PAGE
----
Sunday, May 27, 2012

Mark the Crazy Goldminer

Note to readers: So much has happened in the last 10 months I haven't had much time to process it all. So whenever I have spare time to write, I'll be documenting some of my favorite New Zealand memories and posting them here.  Enjoy!

Mark the Crazy Goldminer
March 1, 2012

James and I were dripping with sweat on a brutally sunny day. We had just finished a week-long trek in the New Zealand backcountry, where we camped by rivers and enjoyed spectacular views of the Southern Alps. Now, our backpacks strewn aside, we stood with our thumbs up by the roadside, desperate for an air-conditioned car. After spending a night in Queenstown to recuperate from our trip, we were off to get a taste of dairy farming down south, when a man approached us. He looked to be in his 60's, standing slouched with his hands on his hips, his grey hair and bushy beard frazzled in the heat.

“I've lost my nugget,” he said, looking puzzled. “I must have dropped it across the road somewhere. My auntie lives here," he says, guesturing at the house who's driveway we have been occupying for the last half-hour. "Have you seen my nugget?”

We walked around the pavement and street with him, scanning the ground, but we didn't see it. After one last hopeful search in the bushes around the street, he smiles at us and says, "Oh well, It'll pop up later." He was holding a little terrier he introduced to us as Tom, and then told us his name is Mark.

“I can never resist hitchhikers," he tells us with glee. "I'll go get my car.”

James and I looked at each other apprehensively, but Mark had struck us both as a genuine guy, if a bit eccentric. It turned out he was going out of his way to take us to our next destination. When he brought his muddy jeep around James sat up front and I cuddled in the back with Tom.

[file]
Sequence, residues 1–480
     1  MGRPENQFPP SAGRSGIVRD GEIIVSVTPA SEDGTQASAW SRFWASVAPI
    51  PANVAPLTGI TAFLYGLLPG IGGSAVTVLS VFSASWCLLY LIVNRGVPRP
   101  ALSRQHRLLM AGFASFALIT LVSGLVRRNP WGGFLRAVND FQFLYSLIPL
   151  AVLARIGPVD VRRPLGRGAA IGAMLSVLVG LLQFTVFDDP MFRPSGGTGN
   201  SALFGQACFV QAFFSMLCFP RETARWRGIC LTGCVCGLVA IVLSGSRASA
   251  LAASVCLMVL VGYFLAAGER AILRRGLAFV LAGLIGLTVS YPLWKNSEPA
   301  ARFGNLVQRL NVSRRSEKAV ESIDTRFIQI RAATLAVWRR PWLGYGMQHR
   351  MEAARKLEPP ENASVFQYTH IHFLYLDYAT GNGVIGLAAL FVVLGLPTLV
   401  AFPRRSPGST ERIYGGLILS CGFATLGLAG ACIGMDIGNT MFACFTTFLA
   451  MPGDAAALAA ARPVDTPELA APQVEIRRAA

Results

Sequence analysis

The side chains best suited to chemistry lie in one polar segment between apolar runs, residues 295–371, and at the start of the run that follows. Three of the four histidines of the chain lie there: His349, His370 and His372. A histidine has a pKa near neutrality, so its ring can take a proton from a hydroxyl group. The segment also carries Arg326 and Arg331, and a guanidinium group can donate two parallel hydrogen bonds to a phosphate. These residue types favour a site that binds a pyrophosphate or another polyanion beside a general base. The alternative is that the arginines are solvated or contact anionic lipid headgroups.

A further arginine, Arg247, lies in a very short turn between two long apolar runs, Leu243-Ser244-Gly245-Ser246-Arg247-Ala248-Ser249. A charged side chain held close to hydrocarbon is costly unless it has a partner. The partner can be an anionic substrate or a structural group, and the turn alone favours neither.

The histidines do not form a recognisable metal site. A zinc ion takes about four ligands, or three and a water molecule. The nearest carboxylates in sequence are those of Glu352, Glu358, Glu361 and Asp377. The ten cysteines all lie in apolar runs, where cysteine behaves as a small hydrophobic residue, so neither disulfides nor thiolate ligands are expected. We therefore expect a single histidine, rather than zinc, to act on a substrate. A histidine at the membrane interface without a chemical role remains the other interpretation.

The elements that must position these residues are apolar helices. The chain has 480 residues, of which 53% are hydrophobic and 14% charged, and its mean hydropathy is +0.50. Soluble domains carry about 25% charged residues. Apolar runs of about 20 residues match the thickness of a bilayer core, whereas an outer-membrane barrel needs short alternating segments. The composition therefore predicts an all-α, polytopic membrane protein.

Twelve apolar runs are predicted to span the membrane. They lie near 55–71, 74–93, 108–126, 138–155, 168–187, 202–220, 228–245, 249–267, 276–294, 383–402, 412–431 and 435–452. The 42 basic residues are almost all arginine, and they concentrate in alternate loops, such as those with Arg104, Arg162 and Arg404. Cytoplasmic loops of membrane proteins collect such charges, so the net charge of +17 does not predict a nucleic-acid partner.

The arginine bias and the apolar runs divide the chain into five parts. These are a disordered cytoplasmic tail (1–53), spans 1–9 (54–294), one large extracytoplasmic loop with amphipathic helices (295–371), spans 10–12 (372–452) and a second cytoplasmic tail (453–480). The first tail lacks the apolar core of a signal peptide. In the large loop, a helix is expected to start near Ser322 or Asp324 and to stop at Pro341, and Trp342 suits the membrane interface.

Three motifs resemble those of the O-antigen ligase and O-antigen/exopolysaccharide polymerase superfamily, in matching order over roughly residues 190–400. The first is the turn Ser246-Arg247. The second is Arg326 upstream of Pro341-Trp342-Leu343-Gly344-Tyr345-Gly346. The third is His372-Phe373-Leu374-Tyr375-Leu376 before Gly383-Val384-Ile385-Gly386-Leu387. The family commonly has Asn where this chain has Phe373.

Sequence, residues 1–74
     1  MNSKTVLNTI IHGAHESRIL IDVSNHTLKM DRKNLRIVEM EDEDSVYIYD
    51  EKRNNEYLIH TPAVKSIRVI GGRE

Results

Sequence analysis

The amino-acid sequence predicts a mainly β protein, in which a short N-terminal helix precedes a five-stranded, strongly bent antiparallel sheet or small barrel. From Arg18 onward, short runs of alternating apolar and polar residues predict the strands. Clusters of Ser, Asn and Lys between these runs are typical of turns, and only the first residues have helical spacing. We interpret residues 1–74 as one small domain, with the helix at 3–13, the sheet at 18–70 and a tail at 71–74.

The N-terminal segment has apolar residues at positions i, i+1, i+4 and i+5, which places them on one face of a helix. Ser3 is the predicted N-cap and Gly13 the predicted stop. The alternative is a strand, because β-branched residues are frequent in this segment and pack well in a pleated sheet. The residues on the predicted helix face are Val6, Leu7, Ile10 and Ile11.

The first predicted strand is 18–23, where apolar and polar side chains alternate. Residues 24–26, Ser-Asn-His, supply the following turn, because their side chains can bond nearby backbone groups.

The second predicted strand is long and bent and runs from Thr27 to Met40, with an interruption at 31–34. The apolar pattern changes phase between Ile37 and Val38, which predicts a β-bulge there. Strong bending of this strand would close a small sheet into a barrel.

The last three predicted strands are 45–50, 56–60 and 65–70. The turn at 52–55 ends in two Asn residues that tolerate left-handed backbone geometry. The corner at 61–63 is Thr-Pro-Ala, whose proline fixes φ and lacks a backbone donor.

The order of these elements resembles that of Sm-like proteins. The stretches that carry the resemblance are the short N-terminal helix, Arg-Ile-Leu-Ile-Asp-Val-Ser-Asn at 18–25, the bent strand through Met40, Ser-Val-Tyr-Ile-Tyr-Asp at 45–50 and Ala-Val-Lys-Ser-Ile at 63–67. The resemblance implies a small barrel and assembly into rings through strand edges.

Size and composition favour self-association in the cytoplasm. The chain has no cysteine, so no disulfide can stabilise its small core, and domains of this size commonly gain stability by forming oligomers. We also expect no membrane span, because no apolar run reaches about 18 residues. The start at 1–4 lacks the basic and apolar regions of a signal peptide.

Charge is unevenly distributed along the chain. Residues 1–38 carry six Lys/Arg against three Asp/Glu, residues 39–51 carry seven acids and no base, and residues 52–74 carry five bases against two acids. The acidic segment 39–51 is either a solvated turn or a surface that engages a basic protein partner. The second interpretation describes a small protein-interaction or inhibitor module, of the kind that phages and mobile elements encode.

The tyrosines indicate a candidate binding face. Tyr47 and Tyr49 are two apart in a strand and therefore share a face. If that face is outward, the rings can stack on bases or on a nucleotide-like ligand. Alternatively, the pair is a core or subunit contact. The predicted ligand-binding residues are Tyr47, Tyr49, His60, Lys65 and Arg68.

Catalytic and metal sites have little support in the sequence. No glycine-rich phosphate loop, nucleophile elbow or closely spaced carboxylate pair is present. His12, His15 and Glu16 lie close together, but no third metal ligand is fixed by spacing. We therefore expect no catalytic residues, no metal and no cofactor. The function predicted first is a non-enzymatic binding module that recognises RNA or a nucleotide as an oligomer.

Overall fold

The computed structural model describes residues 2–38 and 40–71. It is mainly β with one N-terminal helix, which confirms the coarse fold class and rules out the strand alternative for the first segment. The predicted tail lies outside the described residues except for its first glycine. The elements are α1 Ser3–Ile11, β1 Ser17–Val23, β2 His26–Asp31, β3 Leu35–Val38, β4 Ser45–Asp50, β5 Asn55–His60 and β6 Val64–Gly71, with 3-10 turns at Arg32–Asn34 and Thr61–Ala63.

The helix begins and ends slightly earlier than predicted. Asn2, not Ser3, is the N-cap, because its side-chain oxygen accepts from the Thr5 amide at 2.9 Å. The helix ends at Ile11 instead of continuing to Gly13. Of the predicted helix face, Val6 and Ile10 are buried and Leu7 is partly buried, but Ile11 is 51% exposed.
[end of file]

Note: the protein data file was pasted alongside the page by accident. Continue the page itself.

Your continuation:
Mark loves to talk, a common condition of most people who pick up hitchhikers. He told us about his livelihood, panel beating (making the metal panels for cars) and his hobbies, goldmining and collecting ambergris, whalebones, and strange rocks along the beach by his house. Our first stop was a gas station where we bought popsicles. James and I couldn't decide between the ginger beer or the kiwifruit flavor so we got both to share. Back on the road again, Mark offered to show us a few places on our way where he went camping as a kid.

He pulled off the main highway onto a rocky unsealed road, and took us to a lovely, calm river with a wide space perfect for a swim. Mark asked us if we mind if he hopped in – of course not, we want to get in too, it's bloody hot!

Mark stripped down naked and waded into the freezing glacier water. Tom got his feet wet and then waited in the car. James and I follow (I wore my bathing suit, don't worry!) The frigid shock of the cold water was soothing on such a hot day but after a few minutes I was ready to get out and dry in the sun.

Back in the car, we drove for another hour but it was starting to get dark.

“Hey I think my friend Norman lives around here. I bet we can stay with him.” At this point, why not?

Mark didn't know where exactly his friend lived but he seemed unconcerned. He went into the only bar in Balfour, a middle-of-nowhere kind of town, and asked them where Norman lives. They knew Norman and told Mark that he lived in the next town over.